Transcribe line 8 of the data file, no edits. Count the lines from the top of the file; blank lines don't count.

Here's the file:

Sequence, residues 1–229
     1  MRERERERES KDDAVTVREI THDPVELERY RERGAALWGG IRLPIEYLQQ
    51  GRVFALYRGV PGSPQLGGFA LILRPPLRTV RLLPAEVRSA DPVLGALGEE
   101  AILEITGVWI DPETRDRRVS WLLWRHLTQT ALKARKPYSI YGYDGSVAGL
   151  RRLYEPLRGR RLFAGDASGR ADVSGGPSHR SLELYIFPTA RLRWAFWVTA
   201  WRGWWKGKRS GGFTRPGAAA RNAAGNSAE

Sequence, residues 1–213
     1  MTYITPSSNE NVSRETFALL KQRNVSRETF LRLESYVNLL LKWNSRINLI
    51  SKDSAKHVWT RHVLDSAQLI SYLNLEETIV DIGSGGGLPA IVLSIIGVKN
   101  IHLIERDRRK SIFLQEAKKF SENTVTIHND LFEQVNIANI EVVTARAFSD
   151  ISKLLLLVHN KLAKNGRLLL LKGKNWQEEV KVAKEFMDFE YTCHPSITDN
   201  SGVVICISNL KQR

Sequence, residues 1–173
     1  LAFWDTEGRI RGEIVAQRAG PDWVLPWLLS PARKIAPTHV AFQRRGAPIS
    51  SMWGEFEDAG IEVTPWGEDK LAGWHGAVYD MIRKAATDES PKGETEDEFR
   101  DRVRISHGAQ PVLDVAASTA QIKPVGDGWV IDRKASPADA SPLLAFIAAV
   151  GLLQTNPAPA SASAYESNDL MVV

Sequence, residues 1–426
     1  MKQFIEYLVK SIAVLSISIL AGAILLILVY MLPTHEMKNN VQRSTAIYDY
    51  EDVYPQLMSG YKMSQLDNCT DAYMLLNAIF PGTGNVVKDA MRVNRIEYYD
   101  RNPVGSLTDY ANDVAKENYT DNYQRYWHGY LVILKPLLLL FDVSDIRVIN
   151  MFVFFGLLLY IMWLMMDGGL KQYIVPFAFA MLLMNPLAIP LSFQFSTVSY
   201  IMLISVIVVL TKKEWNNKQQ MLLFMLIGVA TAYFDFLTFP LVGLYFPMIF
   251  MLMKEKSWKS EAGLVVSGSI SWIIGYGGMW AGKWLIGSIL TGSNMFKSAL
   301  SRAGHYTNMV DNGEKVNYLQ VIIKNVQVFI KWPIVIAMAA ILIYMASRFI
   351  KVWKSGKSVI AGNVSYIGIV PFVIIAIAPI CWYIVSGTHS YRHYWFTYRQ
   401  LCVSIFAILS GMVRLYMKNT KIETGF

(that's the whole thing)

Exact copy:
     1  MTYITPSSNE NVSRETFALL KQRNVSRETF LRLESYVNLL LKWNSRINLI